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Healthy people should skip EKG screening, say new U.S. Preventive Services Task Force guidelines

Medical tests: Do you really need all of them?
A man is given an exercise electrocardiogram (EKG) at a doctor's surgical office in Stuttgart, Germany in this Feb. 6, 2009 file photo. File,AP Photo/Thomas Kienzle

(CBS News) An electrocardiogram (EKG) won't predict the likelihood of a heart attack or heart problem in healthy people and as such, should not be offered by a doctor, medical experts announced Monday in new guidelines from the U.S. Preventive Services Task Force.

An EKG, or ECG, is a simple, non-invasive test that measures electrical activity from the heart. Information picked up from an EKG may determine how fast a heart beat is, or whether it has a steady or problematic rhythm. An irregular EKG could detect a major heart problem, including heart attacks, arrhythmias and heart failure.

While the panel recommends against giving EKGs to healthy people, some physicians believe they're important in order to establish baseline measures when people are healthy in case things later go awry, in order to compare the results.

According to the new guidelines, which were first released by the task force in 2004, an EKG given to a patient at rest or while exercising won't predict heart disease or a coronary event in people who aren't at high risk of having heart problems. The guidelines carry a grade "D" recommendation, meaning physicians should not offer the tests. They are published in the July 30 online edition of the Annals of Internal Medicine.

"It's important to realize first off that this is a recommendation for people without symptoms," Dr. Joy Melnikow, director of family and community medicine for the Center for Healthcare Policy and Research at University of California, Davis, told HealthPop.

Melnikow says healthy, low-risk people are not likely to develop heart disease, so an abnormal EKG in this group is more likely to be a false positive test result. False positives can lead to additional, more invasive tests including coronary angiography (also called cardiac catheter), that requires injecting dye into the body so doctors can observe blood flow through an X-ray. A cardiac catheter could lead to serious side effects like an allergic reaction to the dye, stroke or heart attack, in addition to risks from unnecessary radiation exposure.

That's why the task force is recommending against EKGs for healthy individuals. The panel updated the guidelines from its 2004 recommendations to include a review of recent research, in part because the general feeling is these tests are still being done, Melnikow said.

Dr. Suzanne Steinbaum, director of women and heart disease at Lenox Hill Hospital in New York City, said EKG screening is often given in a primary care doctor's office and the new guidelines reflect "nothing that's new," in that people without symptoms or risk factors should not get an EKG.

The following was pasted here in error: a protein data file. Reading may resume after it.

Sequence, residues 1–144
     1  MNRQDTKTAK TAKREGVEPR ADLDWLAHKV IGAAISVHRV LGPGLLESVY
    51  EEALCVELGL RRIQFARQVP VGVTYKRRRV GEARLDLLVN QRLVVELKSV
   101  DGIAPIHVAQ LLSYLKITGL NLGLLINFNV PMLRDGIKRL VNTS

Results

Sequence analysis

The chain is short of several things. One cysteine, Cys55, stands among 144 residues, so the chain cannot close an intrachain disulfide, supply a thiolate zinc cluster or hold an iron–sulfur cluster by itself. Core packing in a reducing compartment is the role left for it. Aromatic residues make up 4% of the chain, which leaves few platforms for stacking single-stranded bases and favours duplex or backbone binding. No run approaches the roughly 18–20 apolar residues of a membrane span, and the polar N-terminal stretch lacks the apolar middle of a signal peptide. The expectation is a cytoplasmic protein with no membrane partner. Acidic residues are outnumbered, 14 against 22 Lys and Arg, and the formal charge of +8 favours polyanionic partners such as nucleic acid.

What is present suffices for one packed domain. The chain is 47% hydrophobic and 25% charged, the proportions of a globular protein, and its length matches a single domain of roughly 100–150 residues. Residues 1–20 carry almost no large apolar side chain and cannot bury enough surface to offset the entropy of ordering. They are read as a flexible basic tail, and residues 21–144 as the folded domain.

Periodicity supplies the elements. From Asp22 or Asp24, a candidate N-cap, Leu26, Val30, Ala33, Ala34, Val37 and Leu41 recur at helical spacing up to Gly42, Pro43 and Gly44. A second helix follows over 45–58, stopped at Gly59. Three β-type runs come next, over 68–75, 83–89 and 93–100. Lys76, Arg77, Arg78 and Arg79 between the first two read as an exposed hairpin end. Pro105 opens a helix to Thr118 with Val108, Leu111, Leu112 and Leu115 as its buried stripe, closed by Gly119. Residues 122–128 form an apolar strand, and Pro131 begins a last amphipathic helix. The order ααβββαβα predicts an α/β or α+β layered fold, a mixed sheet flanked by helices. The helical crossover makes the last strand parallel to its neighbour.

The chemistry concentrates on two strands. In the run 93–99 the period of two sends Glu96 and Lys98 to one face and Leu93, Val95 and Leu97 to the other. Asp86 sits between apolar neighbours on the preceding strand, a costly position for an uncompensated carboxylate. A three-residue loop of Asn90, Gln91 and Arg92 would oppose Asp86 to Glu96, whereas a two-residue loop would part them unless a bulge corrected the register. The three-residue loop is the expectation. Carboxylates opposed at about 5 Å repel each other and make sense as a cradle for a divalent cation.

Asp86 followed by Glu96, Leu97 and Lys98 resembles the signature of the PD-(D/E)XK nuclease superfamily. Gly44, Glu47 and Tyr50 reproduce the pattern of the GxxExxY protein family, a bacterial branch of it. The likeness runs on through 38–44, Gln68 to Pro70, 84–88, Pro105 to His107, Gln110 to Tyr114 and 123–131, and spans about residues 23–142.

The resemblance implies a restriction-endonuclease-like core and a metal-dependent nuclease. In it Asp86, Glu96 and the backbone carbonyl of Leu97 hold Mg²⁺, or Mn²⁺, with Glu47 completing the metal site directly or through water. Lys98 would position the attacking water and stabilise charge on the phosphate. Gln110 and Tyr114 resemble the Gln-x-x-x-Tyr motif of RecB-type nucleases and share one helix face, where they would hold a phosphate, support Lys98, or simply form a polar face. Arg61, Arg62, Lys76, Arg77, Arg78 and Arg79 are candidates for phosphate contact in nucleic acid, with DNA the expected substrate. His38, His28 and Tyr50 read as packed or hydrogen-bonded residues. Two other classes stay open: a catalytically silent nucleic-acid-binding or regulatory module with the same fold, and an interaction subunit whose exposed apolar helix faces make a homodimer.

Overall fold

However Steinbaum, a cardiologist, said healthy people should get at least one EKG a decade starting their early 20s. She said when a patient is showing symptoms that may require an EKG, she then wants to then compare the findings to an EKG given by a primary care doctor when the patient was healthy, to determine if something has changed. She also said an EKG could benefit seemingly healthy young athletes, given a growing number of them are dying from sudden cardiac death without showing any previous symptoms.

"Everyone has to have one EKG when they're healthy, for something to compare it to if something goes awry," Steinbaum told HealthPop. She was not involved with the task force's new recommendations.

For the new guidelines, the U.S. Preventive Services Task Force also looked at whether an EKG could differentiate between whether a person was at intermediate or high-risk for a heart attack in those who are at risk for heart problems, including smokers and those with high cholesterol or blood pressure. The panel wanted to see whether an EKG could help target the highest-risk people, potentially leading to more research and better treatment interventions.

"However we found no evidence that would enable us to answer that question," Melnikow said. Unlike the grade "D" guideline recommendation for EKGs in healthy people, the task force did not have enough evidence to provide a recommendation.

The task force, a panel of physician experts to the government that advise on treatment guidelines, has recently issued medical care recommendations on a variety of health topics, including screening for obesity, hormone therapy for older women and whether taking vitamin Dcould protect against osteoporosis and cancer.

In May, the task force issued controversial guidelines recommending against screening for prostate cancer with a prostate-specific antigen (PSA) blood test, saying a positive test was more likely to cause harm than good because of side effects from surgery or radiation.

Heart disease is the leading cause of death in the U.S. for both men and women, taking about 600,000 lives each year.

Rather than getting an EKG, Melnikow said staying healthy is the best way to prevent against heart problems. Preventable risk factors for heart disease include inactivity, obesity, high blood pressure and cholesterol, smoking and Type 2 diabetes.

The government's Million Hearts campaign has more on protecting your heart health.

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